What Are the Risks from Higher Yields?



US ten-year yield above 3%

News about the US ten-year Treasury (IEF) breaching 3% has been in the headlines for the last few trading sessions. The 3% yield has been closely watched as this level and has been acting as a strong resistance both technically and psychologically. This critical level was breached on April 24 and is likely to have a strong impact on the global financial markets if the yields continue to move north. In this series, we’ll lay out the risks that could be faced by the global financial markets as the ten-year yields move higher.

Financial assets that could be impacted by higher yields

To begin with, the US ten-year yield is a benchmark for global interest rates on many asset classes. Changes to the ten-year yield impact corporate bonds (JNK), home loans, car loans, emerging market investments (EMLC), and their currencies. The reason that these asset classes would be impacted is that the higher yields on US bonds (AGG) likely make for a safer investment compared a risky investment in other asset classes, which could force the fund managers to increase their allocation in bonds by dumping riskier assets.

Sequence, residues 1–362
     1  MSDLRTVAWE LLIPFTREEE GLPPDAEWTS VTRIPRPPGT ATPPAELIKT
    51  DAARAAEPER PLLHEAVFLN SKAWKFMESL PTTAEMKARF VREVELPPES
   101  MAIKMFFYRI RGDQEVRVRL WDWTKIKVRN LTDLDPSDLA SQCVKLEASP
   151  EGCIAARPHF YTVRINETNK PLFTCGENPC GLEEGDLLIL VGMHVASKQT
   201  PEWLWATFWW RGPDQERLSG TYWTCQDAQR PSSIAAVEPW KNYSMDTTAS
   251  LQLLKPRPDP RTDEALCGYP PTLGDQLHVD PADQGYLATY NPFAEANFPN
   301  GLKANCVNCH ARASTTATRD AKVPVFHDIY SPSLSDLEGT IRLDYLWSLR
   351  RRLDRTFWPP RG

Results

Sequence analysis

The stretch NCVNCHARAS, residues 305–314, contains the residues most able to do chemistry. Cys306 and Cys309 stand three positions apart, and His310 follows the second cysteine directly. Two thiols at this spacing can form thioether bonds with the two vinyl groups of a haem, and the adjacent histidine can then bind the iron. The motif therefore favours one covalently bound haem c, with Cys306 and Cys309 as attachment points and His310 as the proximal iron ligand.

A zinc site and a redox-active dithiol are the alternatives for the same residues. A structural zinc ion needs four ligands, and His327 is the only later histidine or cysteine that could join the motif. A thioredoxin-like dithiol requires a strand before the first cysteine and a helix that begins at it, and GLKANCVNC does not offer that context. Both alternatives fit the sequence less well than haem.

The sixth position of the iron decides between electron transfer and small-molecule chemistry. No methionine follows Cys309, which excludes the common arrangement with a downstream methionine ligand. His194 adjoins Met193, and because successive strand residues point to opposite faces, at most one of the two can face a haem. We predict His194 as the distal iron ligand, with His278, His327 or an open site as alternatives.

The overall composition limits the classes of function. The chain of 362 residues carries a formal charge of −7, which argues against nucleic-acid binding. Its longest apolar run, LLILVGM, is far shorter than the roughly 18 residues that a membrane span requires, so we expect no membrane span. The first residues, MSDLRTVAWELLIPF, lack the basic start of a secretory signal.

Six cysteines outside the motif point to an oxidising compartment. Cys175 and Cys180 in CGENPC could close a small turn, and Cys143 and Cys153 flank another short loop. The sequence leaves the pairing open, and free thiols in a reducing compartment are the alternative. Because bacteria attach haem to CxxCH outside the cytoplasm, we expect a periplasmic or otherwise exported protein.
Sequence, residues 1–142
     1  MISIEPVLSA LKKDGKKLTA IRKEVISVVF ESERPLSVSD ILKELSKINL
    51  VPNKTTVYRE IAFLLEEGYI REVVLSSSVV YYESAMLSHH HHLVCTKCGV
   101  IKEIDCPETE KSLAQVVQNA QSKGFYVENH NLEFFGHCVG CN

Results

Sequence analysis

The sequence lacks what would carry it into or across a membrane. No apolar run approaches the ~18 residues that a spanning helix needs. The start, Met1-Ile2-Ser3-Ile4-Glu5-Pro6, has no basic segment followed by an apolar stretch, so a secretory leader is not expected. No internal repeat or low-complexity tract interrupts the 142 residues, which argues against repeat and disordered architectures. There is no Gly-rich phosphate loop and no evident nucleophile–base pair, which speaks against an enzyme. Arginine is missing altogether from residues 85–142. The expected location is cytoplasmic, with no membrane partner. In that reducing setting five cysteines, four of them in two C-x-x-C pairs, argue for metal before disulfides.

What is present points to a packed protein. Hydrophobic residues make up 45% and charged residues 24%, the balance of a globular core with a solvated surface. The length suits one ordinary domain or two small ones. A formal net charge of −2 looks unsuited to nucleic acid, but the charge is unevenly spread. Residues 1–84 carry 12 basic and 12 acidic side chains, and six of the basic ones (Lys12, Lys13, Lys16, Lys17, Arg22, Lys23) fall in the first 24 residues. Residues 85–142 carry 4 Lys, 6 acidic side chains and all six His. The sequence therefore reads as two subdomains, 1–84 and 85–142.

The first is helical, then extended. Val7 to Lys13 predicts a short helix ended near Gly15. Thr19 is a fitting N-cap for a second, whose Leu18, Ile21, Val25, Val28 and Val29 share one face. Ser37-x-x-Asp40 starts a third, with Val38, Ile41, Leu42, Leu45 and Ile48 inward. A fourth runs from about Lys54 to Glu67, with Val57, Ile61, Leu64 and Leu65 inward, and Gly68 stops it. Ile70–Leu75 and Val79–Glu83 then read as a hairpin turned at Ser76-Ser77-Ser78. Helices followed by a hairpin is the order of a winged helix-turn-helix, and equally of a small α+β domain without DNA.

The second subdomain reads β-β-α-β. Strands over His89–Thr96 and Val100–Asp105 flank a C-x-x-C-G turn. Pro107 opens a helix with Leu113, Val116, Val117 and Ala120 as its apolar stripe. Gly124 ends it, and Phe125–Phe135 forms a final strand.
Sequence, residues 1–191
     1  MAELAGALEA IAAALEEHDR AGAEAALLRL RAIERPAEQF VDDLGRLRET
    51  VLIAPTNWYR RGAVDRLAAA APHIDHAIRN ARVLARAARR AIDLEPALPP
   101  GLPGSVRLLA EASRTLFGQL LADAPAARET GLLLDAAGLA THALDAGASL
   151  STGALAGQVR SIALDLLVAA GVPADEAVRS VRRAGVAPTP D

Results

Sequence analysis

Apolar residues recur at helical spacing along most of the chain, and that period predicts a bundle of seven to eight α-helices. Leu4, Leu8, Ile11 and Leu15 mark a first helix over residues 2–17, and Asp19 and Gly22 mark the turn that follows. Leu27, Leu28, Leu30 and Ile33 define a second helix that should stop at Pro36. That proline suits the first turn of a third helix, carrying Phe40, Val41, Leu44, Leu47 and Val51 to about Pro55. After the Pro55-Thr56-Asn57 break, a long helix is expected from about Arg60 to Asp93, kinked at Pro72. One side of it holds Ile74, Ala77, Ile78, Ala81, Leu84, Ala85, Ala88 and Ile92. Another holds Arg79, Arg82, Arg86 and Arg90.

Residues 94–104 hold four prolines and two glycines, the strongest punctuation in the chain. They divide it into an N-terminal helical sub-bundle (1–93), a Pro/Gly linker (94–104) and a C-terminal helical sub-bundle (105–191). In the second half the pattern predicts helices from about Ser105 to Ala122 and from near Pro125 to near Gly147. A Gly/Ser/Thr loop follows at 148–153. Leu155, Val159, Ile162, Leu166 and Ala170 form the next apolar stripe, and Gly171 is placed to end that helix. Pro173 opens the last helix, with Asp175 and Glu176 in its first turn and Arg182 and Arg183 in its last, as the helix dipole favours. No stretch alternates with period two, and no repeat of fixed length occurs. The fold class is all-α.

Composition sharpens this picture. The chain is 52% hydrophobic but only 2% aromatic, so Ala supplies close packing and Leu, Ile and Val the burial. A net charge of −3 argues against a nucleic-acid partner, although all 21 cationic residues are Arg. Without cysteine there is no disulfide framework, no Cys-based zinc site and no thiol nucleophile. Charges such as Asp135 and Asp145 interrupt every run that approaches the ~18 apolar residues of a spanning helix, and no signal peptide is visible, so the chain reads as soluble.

Impact of higher allocation for bonds

The search for higher yields, which began after US bond (BND) yields fell to multi-decade lows, gave rise to many investment avenues including equity investments in the US and across the globe, resulting in large cross-border fund flows. The funds could come back to the bonds (BSV) once the yields start moving higher. The impact of this move is already being witnessed in emerging markets as foreign investment in these markets is being pulled out, driving equity prices lower, and devaluing their currencies. In the next part of this series, we’ll look at how rising bond yields pose a threat to equity markets.

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